President Clinton will ask Congress this year to create a tax credit of up to $10 for people who file federal income taxes electronically.
Treasury Secretary Lawrence Summers said Thursday that Mr. Clinton will include in his fiscal 2001 budget request to Congress next month a $10 refundable tax credit for taxpayers filing online and a $5 credit for people who file over the telephone using the IRS' Telefile.
The credit, Summers said, "will provide an incentive for filing online and reward individual taxpayers" while simultaneously helping the IRS become more efficient.
Among the reasons millions of people cite in continuing to file tax returns on paper is the fee that often accompanies electronic filing compared with the low cost of a 33-cent postage stamp.
A 1998 Internal Revenue Service reform law set a goal of 80 percent e-filing by 2007, but right now only about one in four tax returns reaches the IRS that way. About 29 million taxpayers filed returns electronically last year, a 19 percent increase over the year before but far from a pace that would reach the 80 percent goal.
The latest IRS projection is for about half of all returns to be filed electronically by 2007.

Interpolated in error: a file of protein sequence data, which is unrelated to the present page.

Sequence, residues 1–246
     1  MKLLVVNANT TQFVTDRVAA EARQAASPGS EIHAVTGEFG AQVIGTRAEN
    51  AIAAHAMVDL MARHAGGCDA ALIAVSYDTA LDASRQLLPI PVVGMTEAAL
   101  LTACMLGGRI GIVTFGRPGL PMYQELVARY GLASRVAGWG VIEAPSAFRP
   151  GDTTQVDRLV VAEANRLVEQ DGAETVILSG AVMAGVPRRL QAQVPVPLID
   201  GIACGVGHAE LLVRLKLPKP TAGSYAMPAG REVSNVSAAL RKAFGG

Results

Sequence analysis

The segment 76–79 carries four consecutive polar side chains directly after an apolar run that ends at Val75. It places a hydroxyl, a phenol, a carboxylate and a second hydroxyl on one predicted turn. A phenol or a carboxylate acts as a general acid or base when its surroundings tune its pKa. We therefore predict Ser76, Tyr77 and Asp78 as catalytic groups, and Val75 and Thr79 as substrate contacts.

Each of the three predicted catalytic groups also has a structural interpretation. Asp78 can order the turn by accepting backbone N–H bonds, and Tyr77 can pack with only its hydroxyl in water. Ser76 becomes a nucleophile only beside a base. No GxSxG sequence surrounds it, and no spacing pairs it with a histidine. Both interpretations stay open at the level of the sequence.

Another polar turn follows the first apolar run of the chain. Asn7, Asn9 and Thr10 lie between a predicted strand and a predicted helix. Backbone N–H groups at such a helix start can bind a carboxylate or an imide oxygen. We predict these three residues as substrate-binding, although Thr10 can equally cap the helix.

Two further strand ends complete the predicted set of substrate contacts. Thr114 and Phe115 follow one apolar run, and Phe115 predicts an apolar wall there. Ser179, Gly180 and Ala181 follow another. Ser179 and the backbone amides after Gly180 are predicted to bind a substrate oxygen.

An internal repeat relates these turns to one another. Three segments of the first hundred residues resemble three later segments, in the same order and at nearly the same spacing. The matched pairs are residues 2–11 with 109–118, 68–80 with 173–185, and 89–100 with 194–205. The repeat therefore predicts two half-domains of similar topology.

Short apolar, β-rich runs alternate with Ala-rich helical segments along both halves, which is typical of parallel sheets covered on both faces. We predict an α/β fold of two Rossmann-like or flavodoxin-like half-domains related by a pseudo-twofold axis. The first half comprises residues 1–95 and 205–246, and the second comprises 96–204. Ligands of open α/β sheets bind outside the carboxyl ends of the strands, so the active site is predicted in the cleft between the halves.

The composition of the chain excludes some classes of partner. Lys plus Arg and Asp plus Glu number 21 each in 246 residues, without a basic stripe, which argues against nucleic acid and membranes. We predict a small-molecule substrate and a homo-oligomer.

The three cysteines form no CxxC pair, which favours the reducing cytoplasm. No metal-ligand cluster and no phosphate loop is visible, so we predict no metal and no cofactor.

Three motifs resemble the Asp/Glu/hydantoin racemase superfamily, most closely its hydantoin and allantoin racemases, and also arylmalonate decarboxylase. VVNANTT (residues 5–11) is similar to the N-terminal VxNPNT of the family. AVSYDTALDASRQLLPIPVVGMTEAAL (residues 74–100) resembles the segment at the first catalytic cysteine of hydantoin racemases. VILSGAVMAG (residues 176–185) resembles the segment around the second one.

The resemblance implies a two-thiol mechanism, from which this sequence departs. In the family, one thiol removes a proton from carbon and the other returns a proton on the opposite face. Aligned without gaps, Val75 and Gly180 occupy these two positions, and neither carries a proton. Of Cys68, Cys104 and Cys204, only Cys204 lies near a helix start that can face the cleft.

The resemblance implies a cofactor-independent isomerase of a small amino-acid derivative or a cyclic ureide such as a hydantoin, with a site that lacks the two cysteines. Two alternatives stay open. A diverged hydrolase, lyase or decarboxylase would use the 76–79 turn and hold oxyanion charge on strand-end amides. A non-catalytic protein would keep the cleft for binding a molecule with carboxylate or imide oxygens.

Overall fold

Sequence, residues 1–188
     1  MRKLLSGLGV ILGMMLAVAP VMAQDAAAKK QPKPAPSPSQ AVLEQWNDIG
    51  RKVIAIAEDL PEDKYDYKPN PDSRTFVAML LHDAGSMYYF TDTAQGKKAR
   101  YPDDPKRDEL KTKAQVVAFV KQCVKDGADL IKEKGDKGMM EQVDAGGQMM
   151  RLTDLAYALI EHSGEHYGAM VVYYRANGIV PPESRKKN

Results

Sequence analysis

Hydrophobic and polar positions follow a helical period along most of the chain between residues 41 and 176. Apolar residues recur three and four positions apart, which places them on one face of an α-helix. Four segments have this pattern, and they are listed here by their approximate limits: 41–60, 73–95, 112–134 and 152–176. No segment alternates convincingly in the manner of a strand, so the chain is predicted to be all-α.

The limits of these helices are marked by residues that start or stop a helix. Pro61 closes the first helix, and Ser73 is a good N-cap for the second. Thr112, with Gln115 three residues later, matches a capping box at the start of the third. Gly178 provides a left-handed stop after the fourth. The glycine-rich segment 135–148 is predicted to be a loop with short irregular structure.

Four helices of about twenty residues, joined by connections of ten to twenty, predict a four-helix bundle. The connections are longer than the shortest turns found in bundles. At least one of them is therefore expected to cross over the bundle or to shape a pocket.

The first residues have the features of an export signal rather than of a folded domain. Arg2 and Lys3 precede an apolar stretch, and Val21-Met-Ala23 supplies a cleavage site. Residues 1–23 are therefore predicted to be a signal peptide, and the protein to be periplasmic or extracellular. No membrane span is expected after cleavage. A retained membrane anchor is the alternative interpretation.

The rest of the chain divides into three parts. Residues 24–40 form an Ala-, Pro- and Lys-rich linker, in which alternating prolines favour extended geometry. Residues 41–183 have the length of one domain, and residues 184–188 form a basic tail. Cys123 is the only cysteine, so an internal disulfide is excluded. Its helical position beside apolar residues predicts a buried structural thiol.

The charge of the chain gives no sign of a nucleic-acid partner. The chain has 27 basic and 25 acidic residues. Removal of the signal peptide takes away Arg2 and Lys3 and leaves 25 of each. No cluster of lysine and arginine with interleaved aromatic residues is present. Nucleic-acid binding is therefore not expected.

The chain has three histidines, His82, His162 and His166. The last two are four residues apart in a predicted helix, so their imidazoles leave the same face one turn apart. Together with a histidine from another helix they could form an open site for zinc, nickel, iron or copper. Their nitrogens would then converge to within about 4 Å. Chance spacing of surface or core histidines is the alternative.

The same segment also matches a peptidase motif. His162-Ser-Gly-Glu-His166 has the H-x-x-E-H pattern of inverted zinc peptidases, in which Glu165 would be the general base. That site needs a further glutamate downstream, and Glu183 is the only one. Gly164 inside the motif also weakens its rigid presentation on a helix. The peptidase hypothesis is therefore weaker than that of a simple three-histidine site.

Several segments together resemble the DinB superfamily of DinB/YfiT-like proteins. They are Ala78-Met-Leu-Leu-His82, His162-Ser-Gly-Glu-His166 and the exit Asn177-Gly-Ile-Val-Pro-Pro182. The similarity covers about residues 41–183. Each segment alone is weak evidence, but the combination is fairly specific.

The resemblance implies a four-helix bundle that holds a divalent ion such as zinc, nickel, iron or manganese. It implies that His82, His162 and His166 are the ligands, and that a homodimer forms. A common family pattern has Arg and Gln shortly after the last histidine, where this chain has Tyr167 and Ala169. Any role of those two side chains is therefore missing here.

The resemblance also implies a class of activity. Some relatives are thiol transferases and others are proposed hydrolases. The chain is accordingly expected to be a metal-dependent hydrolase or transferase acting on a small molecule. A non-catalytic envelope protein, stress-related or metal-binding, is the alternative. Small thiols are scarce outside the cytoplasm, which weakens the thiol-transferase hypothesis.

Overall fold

The tax credit would add a concrete incentive for more people to e-file their taxes, adding to current advantages that include greater accuracy, swifter refunds and a specific IRS confirmation that a taxpayer's return was received.
Manufacturers of tax preparation software often sell versions that provide free electronic filing, sometimes through a rebate. Some software makers also are offering taxpayers Internet sites where they can prepare tax returns and ship them directly to the IRS, sometimes for free.
Earlier Thursday, IRS Commissioner Charles Rossotti told a conference on modernizing the tax agency that improved technology, including more electronic filing, is critical to improving the IRS's ability to respond to taxpayer problems and questions.
"Our purpose is not to move some imaginary pendulum back or forth a few degrees," Rossotti said. "Our purpose is to improve the entire way the IRS works."
As part of its modernization effort, the IRS is remaking its structure into four major operating divisions: one each for individual taxpayers, large businesses, small businesses and tax-exempt organizations. The new structure is expected to be in place by October.
John Dalrymple, who will head the new Wage and Investment Division that includes the vast majority of taxpayers, said the IRS hopes within five years to be able to communicate directly with taxpayers via secure e-mail. That would allow completely paperless filing with PIN numbers in place of physical signatures and provide tax refunds within two days, he said.
"We're going to position ourselves to make full use of the Internet," Dalrymple said.